Rosyth in postcards

Rosyth (Ros Fhìobh, “headland of Fife”) is a town on the Firth of Forth, three miles (4.8 km) south of the centre of Dunfermline.

The area is best known for its large dockyard, formerly the Royal Naval Dockyard Rosyth, construction of which began in 1909. The town was planned as a garden city with accommodation for the construction workers and dockyard workers. Today, the dockyard is almost 1,300 acres (5 km²) in size, a large proportion of which was reclaimed during construction.

Rosyth and nearby Charlestown were major centres of shipbreaking activity, notably the salvage of much of the German fleet scuttled at Gutter Sound, Scapa Flow.

The associated naval base closed in 1994, and no Royal Navy ships are permanently based at Rosyth, though small ships now return for docking and refit activities, including Sandown-class minehunters.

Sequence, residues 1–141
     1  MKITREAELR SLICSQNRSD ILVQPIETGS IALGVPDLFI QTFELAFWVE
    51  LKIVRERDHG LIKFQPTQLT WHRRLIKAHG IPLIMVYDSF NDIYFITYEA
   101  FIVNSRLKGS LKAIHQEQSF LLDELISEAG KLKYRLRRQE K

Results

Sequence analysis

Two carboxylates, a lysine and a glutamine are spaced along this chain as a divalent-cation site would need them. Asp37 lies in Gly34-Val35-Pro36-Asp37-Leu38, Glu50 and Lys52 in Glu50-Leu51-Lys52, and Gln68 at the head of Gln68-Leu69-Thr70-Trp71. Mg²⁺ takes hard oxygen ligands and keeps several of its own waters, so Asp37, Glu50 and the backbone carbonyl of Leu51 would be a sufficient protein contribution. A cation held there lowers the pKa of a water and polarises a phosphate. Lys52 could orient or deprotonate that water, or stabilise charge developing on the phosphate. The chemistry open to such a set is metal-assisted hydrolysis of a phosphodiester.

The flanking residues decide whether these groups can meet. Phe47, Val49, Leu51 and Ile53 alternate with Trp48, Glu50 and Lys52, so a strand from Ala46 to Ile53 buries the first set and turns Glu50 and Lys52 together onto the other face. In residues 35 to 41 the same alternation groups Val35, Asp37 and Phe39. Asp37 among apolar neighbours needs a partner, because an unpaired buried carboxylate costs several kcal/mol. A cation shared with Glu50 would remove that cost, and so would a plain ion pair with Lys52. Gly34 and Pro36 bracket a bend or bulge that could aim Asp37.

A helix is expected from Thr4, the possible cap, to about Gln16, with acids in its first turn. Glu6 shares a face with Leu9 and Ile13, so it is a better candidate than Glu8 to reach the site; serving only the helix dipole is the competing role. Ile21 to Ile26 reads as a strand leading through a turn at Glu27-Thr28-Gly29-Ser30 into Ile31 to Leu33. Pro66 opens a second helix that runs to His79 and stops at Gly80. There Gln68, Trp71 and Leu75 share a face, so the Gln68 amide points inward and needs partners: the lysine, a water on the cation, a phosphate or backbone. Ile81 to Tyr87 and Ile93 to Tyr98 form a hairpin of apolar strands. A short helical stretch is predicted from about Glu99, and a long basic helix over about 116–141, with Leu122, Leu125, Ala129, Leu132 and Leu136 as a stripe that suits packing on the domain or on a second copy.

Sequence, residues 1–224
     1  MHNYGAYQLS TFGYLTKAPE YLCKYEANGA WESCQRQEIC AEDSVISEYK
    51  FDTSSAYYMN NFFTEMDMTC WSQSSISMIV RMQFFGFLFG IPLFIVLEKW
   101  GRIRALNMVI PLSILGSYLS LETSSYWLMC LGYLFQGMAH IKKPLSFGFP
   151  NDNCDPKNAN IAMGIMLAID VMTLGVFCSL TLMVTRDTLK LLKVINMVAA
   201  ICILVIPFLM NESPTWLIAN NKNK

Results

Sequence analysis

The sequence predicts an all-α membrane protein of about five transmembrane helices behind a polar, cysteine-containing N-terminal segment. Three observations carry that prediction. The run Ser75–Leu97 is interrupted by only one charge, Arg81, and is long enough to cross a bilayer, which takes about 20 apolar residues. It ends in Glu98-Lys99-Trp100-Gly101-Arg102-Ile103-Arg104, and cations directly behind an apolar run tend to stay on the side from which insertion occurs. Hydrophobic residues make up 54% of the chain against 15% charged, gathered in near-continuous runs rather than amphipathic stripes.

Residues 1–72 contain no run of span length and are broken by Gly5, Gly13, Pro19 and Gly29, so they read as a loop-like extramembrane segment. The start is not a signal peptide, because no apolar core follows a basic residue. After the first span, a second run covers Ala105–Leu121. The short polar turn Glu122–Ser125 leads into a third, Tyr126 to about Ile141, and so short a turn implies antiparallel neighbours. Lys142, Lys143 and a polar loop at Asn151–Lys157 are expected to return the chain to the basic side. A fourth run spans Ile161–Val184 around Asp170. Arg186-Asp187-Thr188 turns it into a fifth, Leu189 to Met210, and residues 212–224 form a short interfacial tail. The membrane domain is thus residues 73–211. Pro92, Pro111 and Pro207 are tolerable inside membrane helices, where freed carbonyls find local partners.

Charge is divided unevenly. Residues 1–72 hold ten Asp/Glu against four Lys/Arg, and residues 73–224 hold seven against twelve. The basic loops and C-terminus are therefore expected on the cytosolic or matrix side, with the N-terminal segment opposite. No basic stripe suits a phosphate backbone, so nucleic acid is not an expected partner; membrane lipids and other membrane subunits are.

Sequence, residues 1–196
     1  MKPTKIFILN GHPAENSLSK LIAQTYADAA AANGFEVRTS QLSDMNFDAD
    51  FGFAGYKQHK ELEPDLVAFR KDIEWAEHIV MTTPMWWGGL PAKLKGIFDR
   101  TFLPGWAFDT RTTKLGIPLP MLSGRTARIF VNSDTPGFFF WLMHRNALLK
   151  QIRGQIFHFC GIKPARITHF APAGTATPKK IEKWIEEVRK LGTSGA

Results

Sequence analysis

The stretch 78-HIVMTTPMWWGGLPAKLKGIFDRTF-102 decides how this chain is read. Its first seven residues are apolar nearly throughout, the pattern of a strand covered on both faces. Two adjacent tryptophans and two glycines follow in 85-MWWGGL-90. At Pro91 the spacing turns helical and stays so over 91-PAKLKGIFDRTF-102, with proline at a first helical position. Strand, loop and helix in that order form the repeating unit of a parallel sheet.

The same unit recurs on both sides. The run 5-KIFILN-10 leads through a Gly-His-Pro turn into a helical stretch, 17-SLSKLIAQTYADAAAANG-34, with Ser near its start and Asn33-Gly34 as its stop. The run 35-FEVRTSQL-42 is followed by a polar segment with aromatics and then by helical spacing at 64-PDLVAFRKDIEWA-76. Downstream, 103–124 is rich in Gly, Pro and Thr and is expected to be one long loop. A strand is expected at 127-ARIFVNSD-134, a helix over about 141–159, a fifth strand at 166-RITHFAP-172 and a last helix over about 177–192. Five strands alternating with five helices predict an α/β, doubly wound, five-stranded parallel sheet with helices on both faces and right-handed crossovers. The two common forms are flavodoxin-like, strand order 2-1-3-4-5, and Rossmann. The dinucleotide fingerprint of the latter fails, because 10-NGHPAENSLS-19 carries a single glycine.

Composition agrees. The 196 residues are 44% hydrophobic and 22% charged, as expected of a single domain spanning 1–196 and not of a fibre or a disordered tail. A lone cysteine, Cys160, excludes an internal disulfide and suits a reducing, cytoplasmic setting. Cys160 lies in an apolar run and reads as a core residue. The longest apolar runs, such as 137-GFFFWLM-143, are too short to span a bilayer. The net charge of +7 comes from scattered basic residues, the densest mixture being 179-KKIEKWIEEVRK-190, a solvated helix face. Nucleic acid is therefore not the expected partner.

Rosyth’s dockyards became the very first in the Royal Navy to be privatised when a company named Babcock International acquired the site in 1987. The privatisation followed almost eighty years of contribution to the defence of the United Kingdom which spanned two World Wars and the Cold War with the Soviet Union, during which Rosyth became a key nuclear submarine maintenance establishment.

Rosyth is almost continuous with neighbouring Inverkeithing, separated only by the M90 motorway. Rosyth railway station is on the Fife Circle Line.

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